Monday, February 28, 2011

Boys and their toys

One of the most important accessories for a photographer to have (other than a camera, tripod and a flash or two) is friends who let you take their picture! 

Hint: if you have the ISO to spare, and the room isn't too dark, try not to use your flash in casual settings - it makes everyone more comfortable.

Nikon D90
25mm - ISO 1600
1/20s- f/4

Sunday, February 27, 2011

Sunday Drivers

Went for a Sunday drive today around Auburn and Eskridge.  We blew past this sign (going about 60 - Cory's idea of a Sunday drive) and then backed up for a quick snap. 

Canon 5D Mark II
105mm - ISO 1250
1/1600s- f/4

Saturday, February 26, 2011

Shooting a high-contrast cat

Still home sick, so another picture in my living room was in store for me today.  Cats really hate being surprised by bright lights, so I recommend shooting them without flash when possible.  A high ISO tends to be necessary, unless your ambient lights are strong.  Shooting with a shallow depth of field is also good, because it provides definition to whiskers and the edges of their fur.  With a wide DOF, these details can easily blend into the rest of the background.

It also helps if the cat is a bit sleepy and slightly, but not very, curious.  You want them to be looking at the camera with some interest, but if they are too curious they will come straight for the camera.  Which, if you happen to be looking at them through the end of a long lens, can be pretty freaky. 

Objects on the other side of the lens may be further away than they appear, but you still might drop your camera in surprise when they spring right at your face.  A high-contrast cat like Ansel here, is also a plus.

Canon 5D Mark II
105mm - ISO 3200
1/15s- f/4

Friday, February 25, 2011

That Lifetime movie look

Sick again today, and I wanted to see if I could get the camera to see the world as I do right now.  You know, all kind of blurry and bleary?  I think there is a scene that looks like this in almost every Lifetime movie, when the only daughter of the single mom goes off to college and immediately becomes an alcoholic.  Not to make light of underage drinking.  Kids, don't drink.  Get a hobby instead.  Try photography!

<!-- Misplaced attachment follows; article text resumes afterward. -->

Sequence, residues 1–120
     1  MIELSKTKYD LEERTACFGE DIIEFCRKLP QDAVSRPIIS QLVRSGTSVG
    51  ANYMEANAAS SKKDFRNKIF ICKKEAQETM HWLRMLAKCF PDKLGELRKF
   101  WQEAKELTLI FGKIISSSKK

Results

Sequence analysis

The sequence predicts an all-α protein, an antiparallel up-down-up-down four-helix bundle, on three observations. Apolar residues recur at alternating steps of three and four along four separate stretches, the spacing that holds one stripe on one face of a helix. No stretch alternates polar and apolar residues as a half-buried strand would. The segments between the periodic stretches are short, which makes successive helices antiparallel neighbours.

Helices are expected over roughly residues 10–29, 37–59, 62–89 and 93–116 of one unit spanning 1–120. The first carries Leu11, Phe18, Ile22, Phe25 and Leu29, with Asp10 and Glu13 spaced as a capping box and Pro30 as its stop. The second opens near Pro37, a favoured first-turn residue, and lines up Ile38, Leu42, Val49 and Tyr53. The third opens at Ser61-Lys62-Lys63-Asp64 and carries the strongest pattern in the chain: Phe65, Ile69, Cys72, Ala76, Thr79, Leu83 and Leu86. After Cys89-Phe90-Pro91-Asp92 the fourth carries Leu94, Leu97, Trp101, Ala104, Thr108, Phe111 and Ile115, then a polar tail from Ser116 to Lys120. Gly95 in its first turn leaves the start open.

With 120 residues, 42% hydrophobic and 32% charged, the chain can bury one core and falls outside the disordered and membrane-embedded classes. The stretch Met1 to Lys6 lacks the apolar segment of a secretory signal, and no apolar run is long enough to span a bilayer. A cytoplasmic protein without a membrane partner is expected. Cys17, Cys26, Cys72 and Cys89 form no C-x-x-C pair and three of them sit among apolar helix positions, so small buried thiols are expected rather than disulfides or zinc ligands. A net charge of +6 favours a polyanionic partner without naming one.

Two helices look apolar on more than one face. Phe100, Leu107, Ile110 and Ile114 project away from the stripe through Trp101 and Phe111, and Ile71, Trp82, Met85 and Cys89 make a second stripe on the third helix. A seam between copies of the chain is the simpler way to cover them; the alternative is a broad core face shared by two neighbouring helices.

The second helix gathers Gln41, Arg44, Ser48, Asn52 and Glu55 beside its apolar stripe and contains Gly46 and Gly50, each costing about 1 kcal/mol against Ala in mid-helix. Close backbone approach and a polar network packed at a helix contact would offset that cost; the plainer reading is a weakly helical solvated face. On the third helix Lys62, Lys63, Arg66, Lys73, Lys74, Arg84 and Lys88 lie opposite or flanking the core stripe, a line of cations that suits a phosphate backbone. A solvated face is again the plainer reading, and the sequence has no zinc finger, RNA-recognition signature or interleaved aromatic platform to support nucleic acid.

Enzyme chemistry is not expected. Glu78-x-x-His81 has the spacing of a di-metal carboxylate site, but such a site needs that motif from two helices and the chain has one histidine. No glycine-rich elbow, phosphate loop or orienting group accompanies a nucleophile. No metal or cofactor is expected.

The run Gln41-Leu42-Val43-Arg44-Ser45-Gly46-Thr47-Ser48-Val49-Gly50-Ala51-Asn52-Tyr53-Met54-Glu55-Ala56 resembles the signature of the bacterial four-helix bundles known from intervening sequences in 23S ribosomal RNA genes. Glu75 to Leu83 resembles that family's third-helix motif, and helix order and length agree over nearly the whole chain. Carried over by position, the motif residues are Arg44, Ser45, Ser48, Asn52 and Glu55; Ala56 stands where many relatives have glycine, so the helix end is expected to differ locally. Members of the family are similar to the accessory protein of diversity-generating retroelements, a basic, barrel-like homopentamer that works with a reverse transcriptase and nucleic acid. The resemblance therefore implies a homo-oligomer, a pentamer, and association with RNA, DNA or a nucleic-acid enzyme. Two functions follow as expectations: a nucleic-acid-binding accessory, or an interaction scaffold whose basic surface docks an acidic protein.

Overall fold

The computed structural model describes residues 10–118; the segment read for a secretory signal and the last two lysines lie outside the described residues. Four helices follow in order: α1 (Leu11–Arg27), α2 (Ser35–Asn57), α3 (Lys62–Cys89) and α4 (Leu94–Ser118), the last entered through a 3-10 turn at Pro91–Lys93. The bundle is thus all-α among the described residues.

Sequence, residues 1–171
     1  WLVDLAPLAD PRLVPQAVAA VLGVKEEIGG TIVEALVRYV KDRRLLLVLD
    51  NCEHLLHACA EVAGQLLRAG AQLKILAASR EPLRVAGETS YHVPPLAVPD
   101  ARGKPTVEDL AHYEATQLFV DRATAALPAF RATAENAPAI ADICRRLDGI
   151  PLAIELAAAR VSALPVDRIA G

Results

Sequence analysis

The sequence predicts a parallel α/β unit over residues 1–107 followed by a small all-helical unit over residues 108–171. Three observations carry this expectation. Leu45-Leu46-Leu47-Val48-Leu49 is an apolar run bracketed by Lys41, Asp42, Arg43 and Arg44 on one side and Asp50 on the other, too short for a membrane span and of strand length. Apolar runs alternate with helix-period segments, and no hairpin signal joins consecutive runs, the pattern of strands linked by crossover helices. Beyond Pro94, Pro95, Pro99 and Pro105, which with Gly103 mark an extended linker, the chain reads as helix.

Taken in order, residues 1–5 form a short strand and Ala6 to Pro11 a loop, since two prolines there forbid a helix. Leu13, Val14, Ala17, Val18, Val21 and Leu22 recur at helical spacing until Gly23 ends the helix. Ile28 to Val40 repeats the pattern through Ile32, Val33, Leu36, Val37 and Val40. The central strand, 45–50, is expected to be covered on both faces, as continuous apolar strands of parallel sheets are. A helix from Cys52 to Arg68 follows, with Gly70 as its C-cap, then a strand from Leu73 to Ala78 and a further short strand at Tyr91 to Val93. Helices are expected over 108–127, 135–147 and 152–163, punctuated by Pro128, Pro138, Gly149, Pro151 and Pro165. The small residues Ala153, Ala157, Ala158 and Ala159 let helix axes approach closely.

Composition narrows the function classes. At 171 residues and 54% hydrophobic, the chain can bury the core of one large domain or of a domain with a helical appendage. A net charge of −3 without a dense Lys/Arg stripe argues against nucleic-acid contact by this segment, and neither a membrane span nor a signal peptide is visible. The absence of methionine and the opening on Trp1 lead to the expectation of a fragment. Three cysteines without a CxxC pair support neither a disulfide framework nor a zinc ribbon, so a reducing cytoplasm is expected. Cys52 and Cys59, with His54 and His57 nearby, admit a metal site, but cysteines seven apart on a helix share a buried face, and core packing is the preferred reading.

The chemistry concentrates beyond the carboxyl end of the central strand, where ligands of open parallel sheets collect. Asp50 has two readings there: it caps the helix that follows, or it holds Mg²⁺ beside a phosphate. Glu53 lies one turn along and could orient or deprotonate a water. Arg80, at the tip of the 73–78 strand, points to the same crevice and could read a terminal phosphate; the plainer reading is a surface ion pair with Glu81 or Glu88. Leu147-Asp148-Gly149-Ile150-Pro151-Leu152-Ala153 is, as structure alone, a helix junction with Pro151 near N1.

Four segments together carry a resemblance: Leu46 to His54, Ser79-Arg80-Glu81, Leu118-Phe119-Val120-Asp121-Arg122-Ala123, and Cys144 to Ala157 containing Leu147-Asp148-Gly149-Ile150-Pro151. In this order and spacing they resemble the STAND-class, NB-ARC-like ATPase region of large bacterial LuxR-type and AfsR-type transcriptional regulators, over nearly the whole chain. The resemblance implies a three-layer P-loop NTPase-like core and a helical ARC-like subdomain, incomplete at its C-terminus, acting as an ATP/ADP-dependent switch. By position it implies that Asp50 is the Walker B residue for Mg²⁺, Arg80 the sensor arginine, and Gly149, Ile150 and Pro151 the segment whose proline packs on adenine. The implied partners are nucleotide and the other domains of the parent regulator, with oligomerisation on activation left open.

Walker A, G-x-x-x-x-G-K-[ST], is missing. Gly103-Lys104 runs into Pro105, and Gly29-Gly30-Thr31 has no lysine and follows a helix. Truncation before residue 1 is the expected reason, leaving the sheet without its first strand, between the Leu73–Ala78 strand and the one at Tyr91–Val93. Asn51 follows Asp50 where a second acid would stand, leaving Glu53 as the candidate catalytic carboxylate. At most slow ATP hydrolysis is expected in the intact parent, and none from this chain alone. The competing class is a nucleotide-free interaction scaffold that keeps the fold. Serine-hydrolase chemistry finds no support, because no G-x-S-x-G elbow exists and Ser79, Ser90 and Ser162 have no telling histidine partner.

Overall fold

This shot just required a couple of layers of Saran Wrap over my camera filter.  I hear that in movies they used to smear Vaseline all over the lens to get a similar effect.  Sounds a bit messy to me.

Canon 5D Mark II
105mm - ISO 640
1/8s- f/4

Thursday, February 24, 2011

Winter again

I love the stage of a snowstorm when the snow is still sticking to everything.  Snow pictures almost always benefit from a high-contrast object somewhere in the frame.  Our eyes can look out across a stark, white landscape and discern shapes under the snow, but the camera often can't.  You need something to give the snow shape and dimension, like the iron railing here.

Canon 5D Mark II
105mm - ISO 2000
1/25s- f/4

Wednesday, February 23, 2011

Just bring it

Tip for today:  Bring your camera.  Anywhere.  Everywhere.  And don't just leave it in the car.  Bring it in!  You never know when the youth minister is going to pull out the world's cutest visual aid. 

Canon 5D Mark II
80mm - ISO 2000
1/60s- f/4

Tuesday, February 22, 2011

Calico blue

Just a silly shot today of the cat on the windshield.  No special techniques or equipment needed (other than one hungry cat).

Canon 5D Mark II
24mm - ISO 2000
1/1320s- f/4

Pay Heed

Had a great time at the KU-OSU game tonight in glorious Allen Fieldhouse.  Even the view from the cheap seats is awesome.  One of my favorite moments is always the announcement of the starting lineups, when the air is electric, the noise is almost unbearable, and shreds of newspaper rain down in the student section.

You really have to click to enlarge this one.  I wanted as much detail as possible on everything, so I shot at a high ISO and small aperture.  You can always tell a small aperture when lights become starry.  I also wanted to be able to stop the action on the newspaper confetti, so I still needed some shutter speed.  Fortunately, at 2000 ISO, I could still get 1/30.  The 5D is so good it feels almost criminal, sometimes.  Not to mention disloyal to my trusty D90.  But capturing memories like this can soothe the conscience in a hurry...

Canon 5D Mark II
24mm - ISO 2000
1/30s- f/11

Sunday, February 20, 2011

A wild, wild west wind

The wind worked pretty hard to get rid of our nice spring weather today.  Here it whips the United States and Kansas flags all around.  I wanted to get some motion blur on the flags, so I closed down the aperture as tightly as possible, and also reduced my ISO as low as it could go, to reduce my shutter speed and get some nice blur.  A neutral density filter is another way to block light in these situations.

Nikon D90
80mm - ISO 100
1/13s- f/36

Saturday, February 19, 2011

'Shrooms, baby!